the hour

Ep 35 Real Steel , The WhistleBlower, The Hour and FrightFest

Upodcasting was hungry. Very hungry. We have feasted on the many delights on offer and bring you a tasting menu of scientifically measured blabber in an episode that Heston Blumenthal would be proud of.

The annual Film4 Frightfest returns to haunt us, but in a good way. We talk about the Guillermo Del Toro produced remake of Don’t be afraid of the dark and the follow-up to cult British horror classic The Wicker man, The Wicker Tree; again directed by Robin Hardy.

For good or for bad, Breaking In has been renewed and we also debate the merits of Franklin and Bash. Whatever our conclusions, Louis CK brings us back to reality with the excellent and award nominated, Louie. More flights of fancy follow with our analysis of the excellent trailer for Tucker Vs Evil.

BBC2’s 6 part drama The Hour is the next dish to be served…mainly cold, but with a dash of spicy sauce to liven it up. We then have a little bit of a breather between courses; some sorbet to cleanse the pallet in the form of Real Steel: the all action, futuristic, robot-fighting, fun-packed blockbuster starring Hugh Jackman. Our co-host @asimburney was lucky enough to have a sneak preview screening!

The main review this episode is for The Whistleblower – a somewhat under-known film starring Rachel Weiss in a brilliant performance in a powerful film. It won’t spoil things to say we think this film is fantastic and a perfectly satisfying way to end our movie meal.

Listen to the podcast just after the trailers or subscribe to us on iTunes!

@martincawley

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Coming soon: The Hour, BBC2

 

BBC2's The Hour

New to the BBC this summer is a 6 part drama, The Hour, written by Abi Morgan. Set in 1956 on a British topical news programme (think Panorama in a prior incarnation perhaps) at the time of  the Suez crisis, The Hour, according to Ben Stephenson (Controller BBC Drama commissioning) aims “to [re-establish] BBC2’s reputation as the home of distinctive, intelligent and ambitious drama”. The BBC press release says that a competitive and sharp-witted love triangle (ouch, I don’t want to be in one of those) will be the lens through which viewers will see the defining events of the decade unfolding. The backdrop to this is a mysterious murder and a controversial and dangerous journalistic investigation.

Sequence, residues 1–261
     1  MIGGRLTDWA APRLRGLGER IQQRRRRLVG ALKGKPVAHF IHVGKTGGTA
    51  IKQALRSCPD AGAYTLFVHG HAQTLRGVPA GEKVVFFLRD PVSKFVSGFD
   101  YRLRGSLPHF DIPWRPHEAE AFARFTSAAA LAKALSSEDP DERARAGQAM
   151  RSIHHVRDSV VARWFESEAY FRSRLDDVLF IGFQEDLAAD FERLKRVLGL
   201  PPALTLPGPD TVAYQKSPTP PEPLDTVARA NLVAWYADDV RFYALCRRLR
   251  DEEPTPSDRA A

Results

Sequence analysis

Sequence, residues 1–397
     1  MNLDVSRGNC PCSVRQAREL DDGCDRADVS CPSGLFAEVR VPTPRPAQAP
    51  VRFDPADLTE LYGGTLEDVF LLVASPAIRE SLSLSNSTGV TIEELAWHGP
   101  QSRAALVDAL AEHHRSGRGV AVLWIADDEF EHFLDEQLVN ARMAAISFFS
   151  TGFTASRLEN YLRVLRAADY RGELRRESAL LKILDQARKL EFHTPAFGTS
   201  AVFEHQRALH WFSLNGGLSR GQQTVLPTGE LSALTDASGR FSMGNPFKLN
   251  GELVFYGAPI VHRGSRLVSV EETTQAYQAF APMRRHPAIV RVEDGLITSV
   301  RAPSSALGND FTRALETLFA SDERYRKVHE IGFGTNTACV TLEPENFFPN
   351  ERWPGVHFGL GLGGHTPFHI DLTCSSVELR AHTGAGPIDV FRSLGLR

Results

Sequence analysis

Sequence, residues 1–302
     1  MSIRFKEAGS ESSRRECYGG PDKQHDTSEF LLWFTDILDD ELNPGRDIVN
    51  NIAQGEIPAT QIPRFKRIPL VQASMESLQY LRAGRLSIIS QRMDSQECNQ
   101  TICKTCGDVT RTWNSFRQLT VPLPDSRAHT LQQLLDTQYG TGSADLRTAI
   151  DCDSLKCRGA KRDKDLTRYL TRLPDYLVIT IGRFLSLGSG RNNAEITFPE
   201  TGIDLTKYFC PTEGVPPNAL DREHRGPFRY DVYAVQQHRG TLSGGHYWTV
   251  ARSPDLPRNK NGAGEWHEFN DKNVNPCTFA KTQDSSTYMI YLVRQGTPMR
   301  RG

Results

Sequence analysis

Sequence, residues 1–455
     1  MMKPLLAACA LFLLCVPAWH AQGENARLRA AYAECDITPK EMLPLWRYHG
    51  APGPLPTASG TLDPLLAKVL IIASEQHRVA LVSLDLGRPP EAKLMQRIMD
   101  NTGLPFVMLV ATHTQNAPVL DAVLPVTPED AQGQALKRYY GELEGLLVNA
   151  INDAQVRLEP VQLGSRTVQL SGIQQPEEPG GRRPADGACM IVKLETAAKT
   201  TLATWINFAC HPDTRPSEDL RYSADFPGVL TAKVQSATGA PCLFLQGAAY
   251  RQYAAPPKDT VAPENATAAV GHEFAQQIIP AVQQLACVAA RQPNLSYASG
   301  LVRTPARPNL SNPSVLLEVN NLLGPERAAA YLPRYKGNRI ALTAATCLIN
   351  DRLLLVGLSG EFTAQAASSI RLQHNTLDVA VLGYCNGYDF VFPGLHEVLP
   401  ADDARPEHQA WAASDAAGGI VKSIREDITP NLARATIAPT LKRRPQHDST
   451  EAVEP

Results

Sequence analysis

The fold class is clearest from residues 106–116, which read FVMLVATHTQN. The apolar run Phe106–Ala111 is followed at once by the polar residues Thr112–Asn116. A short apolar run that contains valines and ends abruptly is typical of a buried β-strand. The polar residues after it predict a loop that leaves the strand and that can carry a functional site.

With a suitably strong cast, including Dominic West, Ben Wishaw, Romola Garai and supported by Tim Pigott-Smith, Juliet Stevenson and Julian Rhind-Tutt among many others, the ingredients for a cracking 6-parter are firmly in place.

My only concern is that it will be unfairly labelled the BBC’s Madmen. Whilst I can understand the superficial comparison – set in the 1950s, looks and feels as authentic and stylish (from the trailer at least, see below) – I think this will prove to be unfair. Certainly Abi Morgan has only given viewers 6 episodes and of course the show will not span the decades and detail quite the social changes that take place over the course of Madmen. If anything, the trailer makes me think more of the opening credits to the outrageous cartoon Archer.

The Hour starts on July 19th at 9pm on BBC2.

 

 

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